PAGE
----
supports Willy lovingly, despite the fact that Willy sometimes ignores her opinion over that of others. Theater vet Craig Wallace shines in the titular role of salesman Willy Loman. " - Broadway World "Fresh and relevant!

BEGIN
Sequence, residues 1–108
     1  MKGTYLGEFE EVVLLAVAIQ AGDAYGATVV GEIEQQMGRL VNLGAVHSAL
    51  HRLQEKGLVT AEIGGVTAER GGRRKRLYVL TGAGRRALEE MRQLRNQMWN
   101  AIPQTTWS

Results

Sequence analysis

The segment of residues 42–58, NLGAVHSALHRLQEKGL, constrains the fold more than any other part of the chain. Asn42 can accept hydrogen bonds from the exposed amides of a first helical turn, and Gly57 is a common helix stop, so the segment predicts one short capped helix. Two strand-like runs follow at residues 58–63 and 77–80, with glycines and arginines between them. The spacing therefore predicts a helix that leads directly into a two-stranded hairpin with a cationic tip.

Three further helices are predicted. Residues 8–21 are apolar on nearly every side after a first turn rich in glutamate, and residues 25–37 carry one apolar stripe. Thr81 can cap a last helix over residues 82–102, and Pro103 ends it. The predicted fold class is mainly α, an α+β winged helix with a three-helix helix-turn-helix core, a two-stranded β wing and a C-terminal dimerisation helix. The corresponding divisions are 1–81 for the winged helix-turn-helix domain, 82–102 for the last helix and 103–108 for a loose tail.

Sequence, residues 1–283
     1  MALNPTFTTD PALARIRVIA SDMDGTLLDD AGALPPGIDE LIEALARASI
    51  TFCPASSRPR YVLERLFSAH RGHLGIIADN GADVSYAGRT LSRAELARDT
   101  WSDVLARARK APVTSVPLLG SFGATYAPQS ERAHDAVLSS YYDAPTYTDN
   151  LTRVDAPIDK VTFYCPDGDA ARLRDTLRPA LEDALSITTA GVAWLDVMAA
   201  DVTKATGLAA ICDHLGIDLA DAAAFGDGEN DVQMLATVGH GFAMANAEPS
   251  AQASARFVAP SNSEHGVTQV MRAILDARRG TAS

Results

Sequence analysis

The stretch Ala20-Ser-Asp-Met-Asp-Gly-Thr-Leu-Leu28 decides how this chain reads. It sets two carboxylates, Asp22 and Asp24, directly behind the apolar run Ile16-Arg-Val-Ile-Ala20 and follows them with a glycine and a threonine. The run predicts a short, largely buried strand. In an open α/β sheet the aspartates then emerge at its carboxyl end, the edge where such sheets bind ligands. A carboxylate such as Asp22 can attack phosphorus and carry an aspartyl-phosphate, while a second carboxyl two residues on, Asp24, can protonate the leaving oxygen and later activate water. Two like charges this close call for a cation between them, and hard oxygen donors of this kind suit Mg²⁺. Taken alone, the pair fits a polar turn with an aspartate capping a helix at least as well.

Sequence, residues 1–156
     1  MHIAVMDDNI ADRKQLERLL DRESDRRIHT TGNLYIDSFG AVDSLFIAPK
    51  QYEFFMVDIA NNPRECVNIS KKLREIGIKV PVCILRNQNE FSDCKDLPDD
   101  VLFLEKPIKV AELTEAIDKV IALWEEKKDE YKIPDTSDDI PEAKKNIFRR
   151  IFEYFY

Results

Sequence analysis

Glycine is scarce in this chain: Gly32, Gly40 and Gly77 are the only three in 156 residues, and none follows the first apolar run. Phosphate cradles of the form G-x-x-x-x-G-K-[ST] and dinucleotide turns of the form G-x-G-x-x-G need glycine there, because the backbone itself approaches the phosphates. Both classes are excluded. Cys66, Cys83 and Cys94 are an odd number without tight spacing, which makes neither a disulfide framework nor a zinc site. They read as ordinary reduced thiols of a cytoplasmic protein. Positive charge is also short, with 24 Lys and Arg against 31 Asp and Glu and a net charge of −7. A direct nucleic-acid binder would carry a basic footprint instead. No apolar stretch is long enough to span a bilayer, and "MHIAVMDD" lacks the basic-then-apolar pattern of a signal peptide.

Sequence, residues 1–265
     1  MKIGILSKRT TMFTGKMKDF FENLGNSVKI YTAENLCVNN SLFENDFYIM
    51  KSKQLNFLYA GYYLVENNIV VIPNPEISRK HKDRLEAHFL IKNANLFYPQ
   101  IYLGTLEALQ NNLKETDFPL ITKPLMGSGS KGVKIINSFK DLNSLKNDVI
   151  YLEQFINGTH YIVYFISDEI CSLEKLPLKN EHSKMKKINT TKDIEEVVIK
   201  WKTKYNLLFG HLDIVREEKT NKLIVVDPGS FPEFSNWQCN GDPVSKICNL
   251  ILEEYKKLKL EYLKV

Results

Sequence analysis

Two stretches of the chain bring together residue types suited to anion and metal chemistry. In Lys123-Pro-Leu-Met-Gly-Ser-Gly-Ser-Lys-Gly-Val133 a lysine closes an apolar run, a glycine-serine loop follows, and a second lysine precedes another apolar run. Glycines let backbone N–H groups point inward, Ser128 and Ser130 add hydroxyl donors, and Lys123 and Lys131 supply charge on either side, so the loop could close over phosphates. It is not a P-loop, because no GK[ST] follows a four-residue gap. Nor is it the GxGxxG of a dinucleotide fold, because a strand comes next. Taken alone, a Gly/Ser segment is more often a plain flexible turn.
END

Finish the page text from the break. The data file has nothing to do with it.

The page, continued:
And Linda's speech at the very end, oh my God, touched me in various places of my often-cold heart. It wasn't just the story of a salesman who's down on his luck, it's about what being a wife of one is like, too. He likes being outdoors and working with his hands yet wants to do something worthwhile, so Willy will be proud. Led by Craig Wallace's powerhouse performance as Willy Loman, Miller's Pulitzer Prize winning play is as relevant now, maybe more so, in its questioning of the American dream as it was when it first opened. The characters will also be allowed to pass through the walls that are impassable in the present, as told in Miller 's original stage directions in the opening of ACT 1, "Whenever the action is in the present the actors observe the imaginary wall-lines, entering. Kimberly Schraf is outstanding as Linda, who invariably sticks up for Willy, demanding that her sons and by extension the world pay attention to such a hard-working man. That is very easy to see, but perhaps it isnt the blustery, senile salesman Willy Loman who experiences tragedy. William "Willy" Loman dustin Hoffman A self-deluded traveling salesman. It's like all this racket inside my head, all these misunderstandings that could easily be solved only if people would just stop yelling and jumping to conclusions and start getting off their high horses. Willy is jealous of him because his son is more successful than Willy's.
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